1. @Carrie- I approve of spending money on books! Clothing acquisition is still, mercifully for us, a commodity issue at the moment. Go to Old Navy, load up on 5T stuff because he doesn’t really have preferences. Recycle the 4-year-old’s old clothes for the 2-year-old.

      1. We’re the last of our friend group to have kids so everyone is eager to unload their baby/toddler stuff and clothes on us, which has worked very well. I barely bought T anything new for the first year, and now I just need to buy a couple of packs of staple solid color shirts for her at Old Navy, and nearly everything else is covered… Hand me downs are awesome (while she still doesn’t care!).

  5. I have always worn handme downs since childhood and I do buy new things but like the fun of consignment and the fact that it is often faster to just do up what someone else got semi right than go through all the stuff.. I did just buy new blue heels at Macys and I LOVE THEM… agree about simple food.. I just made myself a samosa from leftovers in the fridge… it is important to value your time.. not waste it… as a billable hour

    1. @Cara- I think you have hit on the difference between an entrepreneurial mindset and an employee mindset. To the entrepreneur, time is viewed through the lens of being a billable hour (in which you get the billing). Or at least that time can be turned into money in a fairly clear fashion.

  6. Laura!

    I just finally came to your website after devouring your 168 Hours book! I’m hoping to do a book review on it on my blog soon… Love that you are so active in the comments on your website! It pertains to health because so many people’s excuse to getting healthy is that they don’t have time! Thanks for your work.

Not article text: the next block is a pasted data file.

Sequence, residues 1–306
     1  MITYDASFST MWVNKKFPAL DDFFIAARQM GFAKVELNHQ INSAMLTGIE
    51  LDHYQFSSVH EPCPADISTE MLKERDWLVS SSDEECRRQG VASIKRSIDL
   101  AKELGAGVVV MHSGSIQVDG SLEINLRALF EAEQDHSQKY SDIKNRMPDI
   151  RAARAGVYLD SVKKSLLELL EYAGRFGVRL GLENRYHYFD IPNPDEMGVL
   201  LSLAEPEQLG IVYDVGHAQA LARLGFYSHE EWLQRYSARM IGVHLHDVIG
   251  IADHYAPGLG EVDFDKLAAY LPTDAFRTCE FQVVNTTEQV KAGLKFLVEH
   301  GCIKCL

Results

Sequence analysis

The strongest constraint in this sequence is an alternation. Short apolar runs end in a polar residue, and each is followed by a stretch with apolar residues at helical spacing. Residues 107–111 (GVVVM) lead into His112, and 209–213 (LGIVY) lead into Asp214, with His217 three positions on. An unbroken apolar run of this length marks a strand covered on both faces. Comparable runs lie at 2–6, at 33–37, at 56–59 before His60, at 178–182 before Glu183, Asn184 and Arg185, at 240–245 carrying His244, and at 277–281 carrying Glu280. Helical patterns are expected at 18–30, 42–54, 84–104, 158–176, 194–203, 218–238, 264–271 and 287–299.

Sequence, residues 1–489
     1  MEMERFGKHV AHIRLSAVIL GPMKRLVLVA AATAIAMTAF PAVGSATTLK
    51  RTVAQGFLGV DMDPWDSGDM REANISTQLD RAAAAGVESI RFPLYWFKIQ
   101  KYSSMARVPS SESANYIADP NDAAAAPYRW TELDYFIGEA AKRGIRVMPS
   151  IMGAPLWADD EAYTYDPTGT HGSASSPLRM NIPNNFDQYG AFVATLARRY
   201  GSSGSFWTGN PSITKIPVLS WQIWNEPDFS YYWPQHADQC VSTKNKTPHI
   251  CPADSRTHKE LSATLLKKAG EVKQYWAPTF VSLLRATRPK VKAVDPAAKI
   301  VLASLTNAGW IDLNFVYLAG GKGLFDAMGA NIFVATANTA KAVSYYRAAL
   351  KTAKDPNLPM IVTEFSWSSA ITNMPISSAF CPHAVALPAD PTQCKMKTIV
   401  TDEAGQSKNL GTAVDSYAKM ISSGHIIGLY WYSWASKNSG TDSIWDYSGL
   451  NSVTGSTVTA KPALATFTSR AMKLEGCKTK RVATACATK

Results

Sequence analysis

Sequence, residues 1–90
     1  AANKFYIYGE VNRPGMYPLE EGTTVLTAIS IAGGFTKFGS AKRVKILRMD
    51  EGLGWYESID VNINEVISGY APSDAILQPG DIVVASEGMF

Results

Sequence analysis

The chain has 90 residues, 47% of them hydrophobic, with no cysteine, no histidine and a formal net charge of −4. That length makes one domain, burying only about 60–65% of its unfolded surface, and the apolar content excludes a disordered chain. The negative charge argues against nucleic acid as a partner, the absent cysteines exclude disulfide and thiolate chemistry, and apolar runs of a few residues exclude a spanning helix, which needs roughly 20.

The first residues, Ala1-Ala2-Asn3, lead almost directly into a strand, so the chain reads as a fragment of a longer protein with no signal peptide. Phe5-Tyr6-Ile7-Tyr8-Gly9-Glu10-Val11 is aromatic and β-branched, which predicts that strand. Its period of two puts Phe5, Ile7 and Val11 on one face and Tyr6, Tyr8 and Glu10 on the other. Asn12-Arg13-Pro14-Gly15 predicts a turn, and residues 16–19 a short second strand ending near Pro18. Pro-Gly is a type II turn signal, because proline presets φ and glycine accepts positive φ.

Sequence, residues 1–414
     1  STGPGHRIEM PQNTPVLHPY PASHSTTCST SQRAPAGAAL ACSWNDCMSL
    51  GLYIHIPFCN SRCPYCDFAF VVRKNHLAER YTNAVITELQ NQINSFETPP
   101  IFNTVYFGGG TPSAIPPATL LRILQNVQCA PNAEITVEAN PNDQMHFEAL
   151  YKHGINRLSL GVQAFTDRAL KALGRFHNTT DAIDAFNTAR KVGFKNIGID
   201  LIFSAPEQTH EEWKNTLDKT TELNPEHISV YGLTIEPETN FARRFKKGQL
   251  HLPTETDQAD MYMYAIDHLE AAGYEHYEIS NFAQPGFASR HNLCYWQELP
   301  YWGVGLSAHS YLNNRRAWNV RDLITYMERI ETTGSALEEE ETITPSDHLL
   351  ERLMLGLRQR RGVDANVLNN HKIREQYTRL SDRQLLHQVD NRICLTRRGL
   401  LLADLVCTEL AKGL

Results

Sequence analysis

1. @Archer- thanks so much! I’m glad you liked 168 Hours, and I hope you enjoy the blog as well. I try to keep a good discussion going here, and we have some very smart commenters!

  7. I love this post! I have been doing the year-round “gift closet” thing for my daughter because she ends up with SO much stuff on her birthday and holidays (only grandchild on both sides). This is also helpful if we have to give a birthday gift to one of her same-age friends – I can often find something I bought her that would work.

    Your post inspired me to write one about our hack to rent a vacation home instead of a hotel room in Ireland (and our general vacation strategy):
    http://houseofpeanut.blogspot.com/2012/04/vacation-hack-rent-house.html

    1. @ARC- cool! I like to rent houses for longer trips too. It’s often not cheaper (I seem to be more price sensitive on hotels) but much nicer for all the reasons you mentioned. Space, fridge, etc.

      1. I used to work in consulting for a big firm, so my hotel preference is pretty expensive 🙂 I can no longer stay in a Motel 6 or whatever unless we’re literally on the road and going to spend less than 10 hours there.

        So for a trip longer than 3 nights, the rental nearly always works out cheaper, unless I can find a screamin’ deal on Hotwire or something.

  8. Great tips, I use most of them (except for simple cooking, I love food too much not explore new recipes–I do make extra and freeze it though) and I have one more–buddy up. My best friend and I will buy different books/DVDs (etc.) then swap. We will also double buy sale items (anything from nail polish to camping equipment) so the other doesn’t have to make the trip. We have a shared online list, and we MMS photos if necessary. I was able to cross two items off my list before I even had my coffee yesterday morning.

  9. For those who like gardening (or who like the idea of having fresh herbs available ready to hand) an aquaponics garden (where fish and vegetables are raised together) is great. There’s a significant set-up, but once the garden is in place, it requires almost none of the hard/boring work you’d need to do for a regular garden. Plus no need to run to the market for the things you’ve got growing in the garden (chives, green onions, rosemary, parsley, basil, etc.)